I realised after a few days that he had the potential to be a great vampire; strength, speed, cunning, persuasive and flawlessly perfect. I’d never anticipated this, in the three days of torment it had never occurred to me that he could, if he wanted to, kill me. In all of my four hundred years of existence I’d never seen a vampire with as much skill as Marcus. His instincts and cunningness were lethal, to any human or vampire. Something had to be done, I couldn’t allow him to break my formality, I couldn’t risk it. If he attacked a human I’d have to kill him, I’d no other option. He couldn’t control his thirst for blood; he would often tell me how much he craved its taste.

“The warmth, moisture, stickiness of it is just so appealing” he exclaimed one day, pacing back and forth our shabby apartment.

He was yet to become accustomed to staying indoors for long periods of time. It was difficult for us to move around, to get from one place to the next without receiving gawking faces as we walked hurriedly down the streets of London. Not to mention Marcus’ inability to act human. We had spent many a day in the shabby, dark and damp room trying to bring back his human traits. We attempted one day to slow down his movements. We tried getting out of a chair, slowly, but he couldn’t keep his vampire traits at bay. His leg would swing from its resting point on his knee so quickly; it wouldn’t be seen to any human eye. We then attempted blinking and breathing. Not once since Mallory had been transformed had he blinked or drawn breath. As it wasn’t needed, he didn’t see the need to worry about it. He wouldn’t accept that it was paramount to act as human as possible if we were to move from London.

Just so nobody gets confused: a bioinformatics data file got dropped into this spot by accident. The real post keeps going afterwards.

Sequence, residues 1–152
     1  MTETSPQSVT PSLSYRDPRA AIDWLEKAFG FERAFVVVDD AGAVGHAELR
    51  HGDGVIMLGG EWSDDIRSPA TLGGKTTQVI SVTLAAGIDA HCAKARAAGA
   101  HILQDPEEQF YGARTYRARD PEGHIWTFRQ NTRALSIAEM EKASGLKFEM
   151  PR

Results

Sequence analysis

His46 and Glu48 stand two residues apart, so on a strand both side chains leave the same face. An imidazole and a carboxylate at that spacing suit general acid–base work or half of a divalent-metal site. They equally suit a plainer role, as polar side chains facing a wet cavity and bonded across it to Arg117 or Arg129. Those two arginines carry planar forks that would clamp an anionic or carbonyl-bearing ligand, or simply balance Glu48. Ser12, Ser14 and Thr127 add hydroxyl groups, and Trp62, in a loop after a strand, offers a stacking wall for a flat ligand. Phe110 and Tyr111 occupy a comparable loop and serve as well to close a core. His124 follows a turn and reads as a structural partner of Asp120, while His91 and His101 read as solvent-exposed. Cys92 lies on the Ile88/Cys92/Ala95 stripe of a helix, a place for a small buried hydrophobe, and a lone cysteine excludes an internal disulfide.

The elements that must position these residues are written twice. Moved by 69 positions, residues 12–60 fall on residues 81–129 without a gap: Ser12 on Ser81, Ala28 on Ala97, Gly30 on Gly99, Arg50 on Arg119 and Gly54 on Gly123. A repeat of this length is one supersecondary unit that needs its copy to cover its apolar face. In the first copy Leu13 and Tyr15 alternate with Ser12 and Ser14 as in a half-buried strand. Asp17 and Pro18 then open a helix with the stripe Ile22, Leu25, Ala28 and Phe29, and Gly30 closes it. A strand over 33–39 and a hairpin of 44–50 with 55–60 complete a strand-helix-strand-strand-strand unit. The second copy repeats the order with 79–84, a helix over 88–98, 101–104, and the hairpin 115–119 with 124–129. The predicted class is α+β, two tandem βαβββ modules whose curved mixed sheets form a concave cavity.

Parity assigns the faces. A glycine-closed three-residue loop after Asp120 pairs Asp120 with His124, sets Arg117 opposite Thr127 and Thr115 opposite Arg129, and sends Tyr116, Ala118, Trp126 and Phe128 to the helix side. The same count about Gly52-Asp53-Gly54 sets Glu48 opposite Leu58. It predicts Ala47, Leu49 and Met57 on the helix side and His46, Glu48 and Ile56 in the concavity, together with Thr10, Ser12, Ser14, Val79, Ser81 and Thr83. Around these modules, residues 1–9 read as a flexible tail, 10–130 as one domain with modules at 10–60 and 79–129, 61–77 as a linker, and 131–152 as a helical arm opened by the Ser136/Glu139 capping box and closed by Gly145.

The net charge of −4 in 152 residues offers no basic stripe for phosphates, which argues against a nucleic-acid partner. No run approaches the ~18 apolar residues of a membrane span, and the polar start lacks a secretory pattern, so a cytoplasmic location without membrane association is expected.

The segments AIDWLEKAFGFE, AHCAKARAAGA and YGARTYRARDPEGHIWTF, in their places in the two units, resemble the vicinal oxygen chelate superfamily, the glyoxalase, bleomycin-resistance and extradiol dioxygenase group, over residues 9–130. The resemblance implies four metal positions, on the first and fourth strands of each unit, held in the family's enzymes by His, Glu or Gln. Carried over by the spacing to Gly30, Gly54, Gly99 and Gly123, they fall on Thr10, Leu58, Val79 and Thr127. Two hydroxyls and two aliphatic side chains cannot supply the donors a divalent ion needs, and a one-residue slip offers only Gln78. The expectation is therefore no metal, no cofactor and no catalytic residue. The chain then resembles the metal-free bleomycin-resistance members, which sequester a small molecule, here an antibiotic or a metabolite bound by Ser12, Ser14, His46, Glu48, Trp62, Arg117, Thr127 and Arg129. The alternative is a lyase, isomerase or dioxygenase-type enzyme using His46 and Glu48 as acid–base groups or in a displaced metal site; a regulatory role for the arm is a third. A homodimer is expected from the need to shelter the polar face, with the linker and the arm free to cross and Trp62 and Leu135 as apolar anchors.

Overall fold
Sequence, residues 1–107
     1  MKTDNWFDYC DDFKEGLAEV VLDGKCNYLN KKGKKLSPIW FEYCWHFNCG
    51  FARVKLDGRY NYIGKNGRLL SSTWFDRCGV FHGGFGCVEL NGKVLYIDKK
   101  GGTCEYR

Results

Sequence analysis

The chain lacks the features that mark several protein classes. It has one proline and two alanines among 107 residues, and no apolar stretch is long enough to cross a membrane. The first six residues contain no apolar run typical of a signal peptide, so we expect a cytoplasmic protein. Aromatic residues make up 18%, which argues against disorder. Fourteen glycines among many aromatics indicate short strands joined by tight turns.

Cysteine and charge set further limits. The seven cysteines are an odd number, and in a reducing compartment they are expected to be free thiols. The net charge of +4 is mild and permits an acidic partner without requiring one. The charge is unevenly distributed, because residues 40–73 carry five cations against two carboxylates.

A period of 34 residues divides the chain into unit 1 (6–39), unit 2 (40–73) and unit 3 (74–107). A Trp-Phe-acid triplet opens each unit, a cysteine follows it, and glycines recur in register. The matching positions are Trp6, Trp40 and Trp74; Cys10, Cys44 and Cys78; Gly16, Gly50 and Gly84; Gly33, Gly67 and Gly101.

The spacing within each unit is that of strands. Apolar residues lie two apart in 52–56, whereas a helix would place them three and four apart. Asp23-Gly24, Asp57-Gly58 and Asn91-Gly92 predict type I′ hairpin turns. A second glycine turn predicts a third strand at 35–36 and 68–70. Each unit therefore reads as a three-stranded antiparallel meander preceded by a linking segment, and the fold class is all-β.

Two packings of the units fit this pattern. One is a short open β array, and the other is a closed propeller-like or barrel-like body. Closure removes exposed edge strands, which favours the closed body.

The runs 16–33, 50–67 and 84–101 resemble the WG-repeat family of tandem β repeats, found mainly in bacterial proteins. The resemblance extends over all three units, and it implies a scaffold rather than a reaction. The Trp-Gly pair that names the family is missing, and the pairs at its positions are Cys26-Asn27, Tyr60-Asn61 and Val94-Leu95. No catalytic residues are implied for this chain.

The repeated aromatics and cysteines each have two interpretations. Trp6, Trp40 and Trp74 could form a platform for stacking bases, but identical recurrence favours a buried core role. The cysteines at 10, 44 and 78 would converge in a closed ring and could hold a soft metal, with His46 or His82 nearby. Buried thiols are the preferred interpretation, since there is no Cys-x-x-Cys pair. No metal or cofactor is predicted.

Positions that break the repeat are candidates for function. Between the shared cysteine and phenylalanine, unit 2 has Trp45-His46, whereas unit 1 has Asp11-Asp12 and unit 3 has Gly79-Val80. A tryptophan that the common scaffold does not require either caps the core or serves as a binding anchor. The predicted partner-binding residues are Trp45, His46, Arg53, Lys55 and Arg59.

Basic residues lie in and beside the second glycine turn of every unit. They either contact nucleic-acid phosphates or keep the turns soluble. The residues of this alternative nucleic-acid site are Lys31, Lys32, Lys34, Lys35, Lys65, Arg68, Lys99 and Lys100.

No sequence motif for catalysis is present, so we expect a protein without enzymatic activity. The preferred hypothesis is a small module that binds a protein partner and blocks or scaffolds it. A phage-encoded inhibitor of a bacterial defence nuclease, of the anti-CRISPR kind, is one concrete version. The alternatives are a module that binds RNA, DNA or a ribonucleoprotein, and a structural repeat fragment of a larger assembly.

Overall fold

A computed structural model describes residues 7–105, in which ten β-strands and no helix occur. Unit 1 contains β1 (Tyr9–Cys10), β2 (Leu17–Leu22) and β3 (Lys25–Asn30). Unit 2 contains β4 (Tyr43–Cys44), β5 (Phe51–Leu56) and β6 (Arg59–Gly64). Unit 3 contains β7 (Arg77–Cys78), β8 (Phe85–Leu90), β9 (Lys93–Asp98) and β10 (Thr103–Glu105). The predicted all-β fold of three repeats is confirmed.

We stepped out from the old apartment. It was just past two o’clock in the afternoon. There was a steady flow of people hurriedly walking down the street towards the nearby train station, which unbeknown to me, was where we too were heading.

“We’re travelling by train?” I asked “Haven’t you got some sort of car, something? We’re not human anymore, I’m not human anymore, I would’ve thought something would be available for the un-dead.” I was stunned by how normal this sounded.
“Realism is something you still haven’t grasped, is it Marcus?” he asked, with a hint of frustration in his voice.